Gina Rinehart launches book
Mining magnate Gina Rinehart launches her new book in Sydney on Thursday fielding questions from businessman Jack Cowin.PT2M45S http://www.canberratimes.com.au/action/externalEmbeddedPlayer?id=d-2a2ac 620 349 November 26, 2012
AUSTRALIA'S richest person, Gina Rinehart, has been signing hundreds of books at a multi-city tour this week, including a Thursday night love-in for Sydney's business elite, who queued happily for the chance to have a quick chat with the iron ore magnate, and have their $40 copy autographed.
The launch of Mrs Rinehart's first book, Northern Australia and Then Some, which is a collection of speeches, personal pictures and columns penned for a mining magazine, was attended by more than 300 members of the Sydney Mining Club and other invitees. On Friday night the launch moved on to Melbourne with equal flourish at an event hosted by the Institute of Public Affairs.
Northern Australia promises ideas about ''national prosperity and an intimate glimpse of the life and times'' of Mrs Rinehart, according to the book's editor, Eden Cox. It also touches on familiar themes including cost pressures of mining and concerns about sovereign debt.
Gina Rinehart arrives at Sydney's Four Seasons Hotel for the book launch. Photo: Rob Homer
Mrs Rinehart said the Sydney launch was timed to coincide with the 60th anniversary of her late father Lang Hancock's flight over the Pilbara when he discovered the region's huge iron ore deposits. Although mining dominated much of the discussion, one audience member was more focused on Mrs Rinehart's more contemporary investment: namely the media.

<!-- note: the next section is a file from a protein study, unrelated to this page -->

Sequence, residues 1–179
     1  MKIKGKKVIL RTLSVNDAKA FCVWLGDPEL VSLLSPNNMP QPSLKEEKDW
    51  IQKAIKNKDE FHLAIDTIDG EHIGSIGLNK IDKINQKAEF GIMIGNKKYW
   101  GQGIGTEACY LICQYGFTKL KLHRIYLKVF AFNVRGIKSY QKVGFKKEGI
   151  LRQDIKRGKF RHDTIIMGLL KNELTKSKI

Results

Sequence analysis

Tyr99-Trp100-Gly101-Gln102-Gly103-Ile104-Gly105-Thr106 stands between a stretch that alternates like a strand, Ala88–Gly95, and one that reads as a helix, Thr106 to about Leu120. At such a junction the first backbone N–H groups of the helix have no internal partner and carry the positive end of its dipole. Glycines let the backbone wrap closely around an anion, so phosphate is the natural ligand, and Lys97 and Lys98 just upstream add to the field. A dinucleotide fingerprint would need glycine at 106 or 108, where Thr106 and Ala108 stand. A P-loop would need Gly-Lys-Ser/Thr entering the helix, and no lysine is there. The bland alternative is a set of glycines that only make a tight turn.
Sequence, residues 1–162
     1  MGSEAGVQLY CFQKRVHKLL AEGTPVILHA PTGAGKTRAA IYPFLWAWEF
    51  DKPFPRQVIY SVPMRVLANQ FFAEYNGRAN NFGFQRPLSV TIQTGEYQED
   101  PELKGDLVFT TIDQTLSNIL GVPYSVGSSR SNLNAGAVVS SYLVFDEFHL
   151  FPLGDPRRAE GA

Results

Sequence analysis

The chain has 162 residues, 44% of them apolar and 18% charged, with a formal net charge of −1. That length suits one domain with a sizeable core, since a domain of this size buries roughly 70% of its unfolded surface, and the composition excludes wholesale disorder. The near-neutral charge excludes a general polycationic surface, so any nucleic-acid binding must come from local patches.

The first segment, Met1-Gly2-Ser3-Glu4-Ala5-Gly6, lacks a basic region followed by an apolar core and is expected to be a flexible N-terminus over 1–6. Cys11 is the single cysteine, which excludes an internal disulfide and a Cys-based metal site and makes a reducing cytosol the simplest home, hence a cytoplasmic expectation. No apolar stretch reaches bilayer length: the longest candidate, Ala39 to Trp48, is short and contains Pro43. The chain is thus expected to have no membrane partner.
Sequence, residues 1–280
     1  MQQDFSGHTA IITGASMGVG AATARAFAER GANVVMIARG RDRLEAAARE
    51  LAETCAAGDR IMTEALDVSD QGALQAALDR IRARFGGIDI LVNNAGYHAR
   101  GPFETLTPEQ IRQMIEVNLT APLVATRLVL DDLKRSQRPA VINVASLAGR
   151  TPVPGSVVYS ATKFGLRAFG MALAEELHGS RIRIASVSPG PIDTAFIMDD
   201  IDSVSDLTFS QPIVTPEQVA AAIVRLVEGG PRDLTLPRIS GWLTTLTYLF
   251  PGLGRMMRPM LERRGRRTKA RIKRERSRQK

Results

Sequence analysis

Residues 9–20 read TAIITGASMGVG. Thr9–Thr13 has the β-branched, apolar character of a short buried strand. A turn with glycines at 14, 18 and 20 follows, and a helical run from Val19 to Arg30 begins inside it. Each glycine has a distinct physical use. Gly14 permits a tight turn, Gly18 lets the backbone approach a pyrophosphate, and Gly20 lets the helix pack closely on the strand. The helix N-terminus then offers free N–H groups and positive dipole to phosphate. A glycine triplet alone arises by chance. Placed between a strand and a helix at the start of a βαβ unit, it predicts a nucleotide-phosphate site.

Mrs Rinehart, who has made loss-making investments in the Ten Network (owning 10 per cent) and The Age's owner, Fairfax Media (almost 15 per cent), said her family had been involved with the media since her childhood, with her father launching the now defunct Perth newspaper the Sunday Independent, and then the industry newspaper the National Miner.
''We've now got the opportunity to be in Fairfax - well, a partial opportunity that one - and I'm also in Ten. I think it's good for people outside the media industry, and basically I am, to know something about other industries, and to perhaps be on the boards,'' she said.
Mrs Rinehart was joined at the head table by her daughter Ginia. Also at the table was former Commonwealth Bank chief and future fund chairman David Murray and Channel Ten chairman Lachlan Murdoch, who left shortly before dinner for an overseas flight.
Mr Murray, whose interview with newspaper columnist and broadcaster Andrew Bolt is transcribed in one section of Ms Rinehart's book, described Mrs Rinehart and her father as ''inspirational and successful Australians''.
Prominent climate sceptic Ian Plimer, a director of Mrs Rinehart's Roy Hill Holdings and lobby group Australians for Northern Development and Economic Vision, said: ''She [Mrs Rinehart] gets pilloried by those that live off her wealth, and to me that's an absolute disgrace.''